Many years, and many jobs, ago, I went to a career counselor to help get me mobilized for a job hunt. He said that most people would rather be told to go outside and dig a 10-foot ditch than to dust off their resume and get the ball rolling on the search for a new job or career. That’s no huge surprise, I guess! Digging a ditch isn’t so overwhelming once you convince yourself to “just do it.” But the mental and emotional expenditure of a job search—well, it’s the kind of energy outlay that keeps us filing the task under “P” for “procrastination” or under “U” for “ugh.”
That’s why I thought many of you career-oriented folks in the certification community would get a pick-me-up from an article I saw recently on the Forbes site, “7 Ridiculously Useful Tips for Job Hunters.” The Forbes article is nice in that Jay McGregor, the contributing writer, has picked up seven very useful tips from some high-powered tech companies and start-ups, and they serve as a great beginning for focusing your efforts and perfecting your job search game so that you can be ready when the right one comes along. There’s some good insight here into what prospective employers are really looking for.
While you’re following Forbes’ tips, take some time here on the Cisco Learning Network to see what you can do to keep yourself motivated in your career search and ongoing self-improvement. Meet and network with other IT professionals in the Cisco Learning Network certification study groups. Check out the IT Career Toolkit, where you can find nearly 30 videos to guide you through all aspects of the search, from resume writing, building connections, and interviewing to preparing for certification, building a professional brand, and further advancing your career. Or, soak up a wealth of IT Success Stories, from which you can derive inspiration and kernels of wisdom about how to proceed with your search.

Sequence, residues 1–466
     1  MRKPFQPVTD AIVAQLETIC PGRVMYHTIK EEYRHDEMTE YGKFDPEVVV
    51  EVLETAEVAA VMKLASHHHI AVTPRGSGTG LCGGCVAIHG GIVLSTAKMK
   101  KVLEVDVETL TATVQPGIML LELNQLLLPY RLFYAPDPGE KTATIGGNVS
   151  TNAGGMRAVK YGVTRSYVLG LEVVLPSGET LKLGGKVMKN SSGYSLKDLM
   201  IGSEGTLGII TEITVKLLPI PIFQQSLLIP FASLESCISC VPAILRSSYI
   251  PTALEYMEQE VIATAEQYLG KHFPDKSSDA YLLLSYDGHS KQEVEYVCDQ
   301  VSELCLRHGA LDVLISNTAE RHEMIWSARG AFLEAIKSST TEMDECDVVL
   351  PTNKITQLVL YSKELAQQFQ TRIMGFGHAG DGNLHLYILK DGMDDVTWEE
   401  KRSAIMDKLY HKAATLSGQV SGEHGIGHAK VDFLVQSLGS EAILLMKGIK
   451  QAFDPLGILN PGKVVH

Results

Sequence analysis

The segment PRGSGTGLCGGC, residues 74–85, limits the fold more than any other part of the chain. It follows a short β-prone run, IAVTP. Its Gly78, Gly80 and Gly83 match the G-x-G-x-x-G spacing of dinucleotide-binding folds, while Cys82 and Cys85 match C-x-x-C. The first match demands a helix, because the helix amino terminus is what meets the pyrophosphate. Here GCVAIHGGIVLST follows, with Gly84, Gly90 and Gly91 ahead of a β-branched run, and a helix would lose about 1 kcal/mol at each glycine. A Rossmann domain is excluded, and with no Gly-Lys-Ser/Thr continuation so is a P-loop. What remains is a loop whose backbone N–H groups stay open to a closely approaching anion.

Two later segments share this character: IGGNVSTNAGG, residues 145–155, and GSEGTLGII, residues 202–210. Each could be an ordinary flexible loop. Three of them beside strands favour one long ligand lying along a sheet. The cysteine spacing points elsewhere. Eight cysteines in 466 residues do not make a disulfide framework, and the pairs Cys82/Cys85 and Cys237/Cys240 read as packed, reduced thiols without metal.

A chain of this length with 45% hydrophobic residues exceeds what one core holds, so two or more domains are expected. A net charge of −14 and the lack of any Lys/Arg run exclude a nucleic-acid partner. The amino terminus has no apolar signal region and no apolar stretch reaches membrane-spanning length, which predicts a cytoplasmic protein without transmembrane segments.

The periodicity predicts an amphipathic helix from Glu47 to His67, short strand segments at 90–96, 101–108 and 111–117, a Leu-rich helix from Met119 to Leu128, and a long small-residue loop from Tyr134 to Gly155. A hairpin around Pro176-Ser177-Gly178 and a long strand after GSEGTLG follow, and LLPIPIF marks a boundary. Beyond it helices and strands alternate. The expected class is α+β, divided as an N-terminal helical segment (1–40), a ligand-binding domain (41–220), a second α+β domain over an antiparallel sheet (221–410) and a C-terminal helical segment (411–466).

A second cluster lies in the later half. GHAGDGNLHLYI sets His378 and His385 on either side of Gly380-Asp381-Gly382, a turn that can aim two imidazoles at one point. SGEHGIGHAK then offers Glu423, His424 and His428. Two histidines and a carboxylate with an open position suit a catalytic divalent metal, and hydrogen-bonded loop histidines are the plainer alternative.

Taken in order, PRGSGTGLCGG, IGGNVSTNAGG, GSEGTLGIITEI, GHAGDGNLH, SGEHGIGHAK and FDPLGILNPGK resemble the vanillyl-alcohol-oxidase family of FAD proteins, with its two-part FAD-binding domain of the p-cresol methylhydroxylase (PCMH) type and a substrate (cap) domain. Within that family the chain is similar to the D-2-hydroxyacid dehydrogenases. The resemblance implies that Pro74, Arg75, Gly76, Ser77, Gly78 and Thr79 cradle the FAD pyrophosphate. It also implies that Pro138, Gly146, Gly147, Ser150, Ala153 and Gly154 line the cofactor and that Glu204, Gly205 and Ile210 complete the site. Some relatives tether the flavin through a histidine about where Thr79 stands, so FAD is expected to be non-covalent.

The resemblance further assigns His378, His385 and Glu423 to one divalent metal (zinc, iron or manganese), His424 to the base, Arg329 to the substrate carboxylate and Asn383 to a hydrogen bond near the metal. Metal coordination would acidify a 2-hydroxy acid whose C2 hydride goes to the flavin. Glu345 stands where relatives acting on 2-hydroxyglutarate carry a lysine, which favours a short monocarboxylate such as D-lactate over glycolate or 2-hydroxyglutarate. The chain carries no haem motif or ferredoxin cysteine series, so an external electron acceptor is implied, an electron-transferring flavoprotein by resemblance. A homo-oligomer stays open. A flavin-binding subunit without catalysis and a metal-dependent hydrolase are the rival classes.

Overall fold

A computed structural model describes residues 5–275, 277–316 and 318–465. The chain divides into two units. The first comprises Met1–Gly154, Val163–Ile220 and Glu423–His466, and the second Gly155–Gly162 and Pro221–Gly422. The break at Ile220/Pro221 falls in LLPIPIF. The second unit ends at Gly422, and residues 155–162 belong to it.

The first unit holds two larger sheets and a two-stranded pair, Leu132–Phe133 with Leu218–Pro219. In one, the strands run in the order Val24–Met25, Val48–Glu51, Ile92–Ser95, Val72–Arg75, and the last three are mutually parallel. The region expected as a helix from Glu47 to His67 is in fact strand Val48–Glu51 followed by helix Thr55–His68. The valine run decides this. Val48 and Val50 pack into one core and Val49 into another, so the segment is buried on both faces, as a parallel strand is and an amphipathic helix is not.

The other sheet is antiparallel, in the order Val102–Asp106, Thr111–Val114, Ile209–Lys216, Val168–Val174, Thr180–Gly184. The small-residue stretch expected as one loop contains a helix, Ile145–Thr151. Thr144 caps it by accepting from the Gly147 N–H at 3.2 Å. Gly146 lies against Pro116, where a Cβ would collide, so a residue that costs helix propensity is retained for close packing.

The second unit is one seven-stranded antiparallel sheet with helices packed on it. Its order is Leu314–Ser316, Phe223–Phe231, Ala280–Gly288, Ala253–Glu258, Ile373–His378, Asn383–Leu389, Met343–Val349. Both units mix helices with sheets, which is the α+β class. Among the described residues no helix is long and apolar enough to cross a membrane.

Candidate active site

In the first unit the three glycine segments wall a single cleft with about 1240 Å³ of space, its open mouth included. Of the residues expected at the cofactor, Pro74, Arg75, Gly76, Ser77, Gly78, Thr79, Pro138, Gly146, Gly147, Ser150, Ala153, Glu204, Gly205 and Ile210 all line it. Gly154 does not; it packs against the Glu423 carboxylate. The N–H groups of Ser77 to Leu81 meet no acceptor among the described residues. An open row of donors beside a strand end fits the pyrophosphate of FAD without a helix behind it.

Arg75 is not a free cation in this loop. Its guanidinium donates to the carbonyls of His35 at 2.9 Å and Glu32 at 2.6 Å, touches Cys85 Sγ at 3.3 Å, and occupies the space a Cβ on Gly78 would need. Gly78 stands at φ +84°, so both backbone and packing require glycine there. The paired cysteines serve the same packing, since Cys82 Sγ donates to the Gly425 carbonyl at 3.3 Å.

If you’ve been realizing for a while that you need to make a change in your career, I’m hoping that the Forbes article and some of the Cisco Learning Network resources will help get you over the “procrastination hump.” What tips would you add to the list?